The Twins were down three games to two when the series returned to the Metrodome. As in 1987, the two teams involved had won their home games. Twins fans (and some of the players) were a little worried about this must win Game 6, but Twins great Kirby Puckett told his teammates to climb on his back. He would see them through to a win.
He was true to his word. He had multiple hits, drove in a run and scored a run, and made a spectacular catch at the wall, which prevented a multi-base hit and at least one run from scoring. As was the case with most of the previous five games (only one game was a blowout), this one was a nail-biter. It went into extra innings and Kirby wasn’t done.
In the bottom of the eleventh, Kirby came up to hit against Atlanta’s left-hander Charlie Leibrandt. Puckett told his teammate Chili Davis that he thought he might be able to bunt for a hit. Davis said, “Bunt, my ass!” and encouraged the slugger to put the game away. Puckett worked the count to two balls and a strike, which is unusual for him being a free swinger and all, when Leibrandt hung a change-up right where Kirby wanted it.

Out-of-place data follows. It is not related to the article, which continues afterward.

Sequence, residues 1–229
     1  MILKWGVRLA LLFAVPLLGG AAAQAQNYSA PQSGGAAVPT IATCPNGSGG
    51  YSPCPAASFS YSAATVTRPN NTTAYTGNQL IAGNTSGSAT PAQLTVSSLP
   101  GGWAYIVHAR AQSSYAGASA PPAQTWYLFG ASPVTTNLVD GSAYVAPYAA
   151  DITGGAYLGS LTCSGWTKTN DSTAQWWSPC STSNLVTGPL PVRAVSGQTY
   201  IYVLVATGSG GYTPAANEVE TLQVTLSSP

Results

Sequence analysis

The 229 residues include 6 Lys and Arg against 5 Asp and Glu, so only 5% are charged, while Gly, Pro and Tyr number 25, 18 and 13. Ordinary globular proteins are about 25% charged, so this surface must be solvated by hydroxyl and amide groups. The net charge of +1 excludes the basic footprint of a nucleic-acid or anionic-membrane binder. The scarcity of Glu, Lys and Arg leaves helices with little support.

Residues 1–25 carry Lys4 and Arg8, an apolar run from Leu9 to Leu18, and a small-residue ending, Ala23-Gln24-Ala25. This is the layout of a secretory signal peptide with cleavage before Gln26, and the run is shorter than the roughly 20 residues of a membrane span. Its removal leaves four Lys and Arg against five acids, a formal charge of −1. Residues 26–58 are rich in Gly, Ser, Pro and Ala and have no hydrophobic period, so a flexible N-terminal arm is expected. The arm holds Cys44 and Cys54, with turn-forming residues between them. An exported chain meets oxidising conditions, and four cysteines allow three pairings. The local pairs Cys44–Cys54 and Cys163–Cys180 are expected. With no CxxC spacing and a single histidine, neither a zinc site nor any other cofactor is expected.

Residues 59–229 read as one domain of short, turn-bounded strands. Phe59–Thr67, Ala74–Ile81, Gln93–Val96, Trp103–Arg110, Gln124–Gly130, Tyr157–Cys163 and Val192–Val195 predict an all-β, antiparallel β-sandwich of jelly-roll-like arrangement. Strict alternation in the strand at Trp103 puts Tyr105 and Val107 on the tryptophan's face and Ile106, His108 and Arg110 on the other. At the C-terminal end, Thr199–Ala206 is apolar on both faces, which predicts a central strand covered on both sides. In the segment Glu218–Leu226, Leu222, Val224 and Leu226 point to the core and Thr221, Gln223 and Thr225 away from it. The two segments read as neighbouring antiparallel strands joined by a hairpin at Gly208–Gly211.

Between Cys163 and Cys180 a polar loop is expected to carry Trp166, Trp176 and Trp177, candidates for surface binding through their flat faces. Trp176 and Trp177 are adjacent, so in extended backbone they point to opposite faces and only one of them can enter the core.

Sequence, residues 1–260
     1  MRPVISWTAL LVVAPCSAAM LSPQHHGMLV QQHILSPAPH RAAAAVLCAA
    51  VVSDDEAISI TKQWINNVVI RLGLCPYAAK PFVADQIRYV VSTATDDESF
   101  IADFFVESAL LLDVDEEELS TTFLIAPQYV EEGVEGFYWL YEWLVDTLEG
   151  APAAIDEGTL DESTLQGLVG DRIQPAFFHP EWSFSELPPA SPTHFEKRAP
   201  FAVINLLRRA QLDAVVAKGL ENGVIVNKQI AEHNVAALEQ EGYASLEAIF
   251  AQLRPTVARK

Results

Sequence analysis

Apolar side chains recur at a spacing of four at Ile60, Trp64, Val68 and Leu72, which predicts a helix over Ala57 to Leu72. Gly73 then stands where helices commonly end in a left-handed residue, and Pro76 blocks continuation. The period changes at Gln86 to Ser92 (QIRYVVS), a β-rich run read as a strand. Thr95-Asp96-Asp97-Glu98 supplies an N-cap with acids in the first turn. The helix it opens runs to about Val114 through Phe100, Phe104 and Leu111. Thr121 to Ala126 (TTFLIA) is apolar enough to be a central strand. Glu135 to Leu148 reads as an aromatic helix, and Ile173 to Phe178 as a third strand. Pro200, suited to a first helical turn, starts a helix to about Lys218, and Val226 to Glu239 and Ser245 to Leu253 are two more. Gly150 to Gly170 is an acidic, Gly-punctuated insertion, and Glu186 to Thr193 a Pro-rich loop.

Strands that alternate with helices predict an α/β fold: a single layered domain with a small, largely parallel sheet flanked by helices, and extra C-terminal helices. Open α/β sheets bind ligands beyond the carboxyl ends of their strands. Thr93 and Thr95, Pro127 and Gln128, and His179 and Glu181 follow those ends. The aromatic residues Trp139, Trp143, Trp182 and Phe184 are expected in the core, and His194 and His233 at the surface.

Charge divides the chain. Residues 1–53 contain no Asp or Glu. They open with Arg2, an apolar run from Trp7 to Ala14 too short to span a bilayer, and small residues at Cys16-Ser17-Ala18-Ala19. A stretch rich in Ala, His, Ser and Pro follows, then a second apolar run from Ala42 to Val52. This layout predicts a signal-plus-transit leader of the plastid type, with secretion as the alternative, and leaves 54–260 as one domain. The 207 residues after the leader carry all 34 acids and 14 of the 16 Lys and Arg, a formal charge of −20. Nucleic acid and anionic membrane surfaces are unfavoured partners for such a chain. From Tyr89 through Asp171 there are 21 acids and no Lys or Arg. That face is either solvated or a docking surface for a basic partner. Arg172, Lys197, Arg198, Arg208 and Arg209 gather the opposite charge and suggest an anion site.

Then came six of the most memorable words in baseball. The baseball announcing legend Jack Buck said, “And we’ll see you… tomorrow night!“
And that tomorrow night brought us possibly the greatest pitching performance in World Series history, and I’m including Don Larsen’s perfect game in Game 5 of the 1956 Series. A perfect game is a marvel to behold, but being Game 5, the series was not on the line. In 1991, Jack Morris’s brilliant 10 innings of shut out baseball in the final game of the Series was phenomenal, considering the game was scoreless until the bottom of the tenth, when Gene Larkin drove in Dan Gladden. And the Minnesota Twins won their second World Championship. (Third if you’re pedantic and include the Washington Senators‘ only World Championship win in 1924.)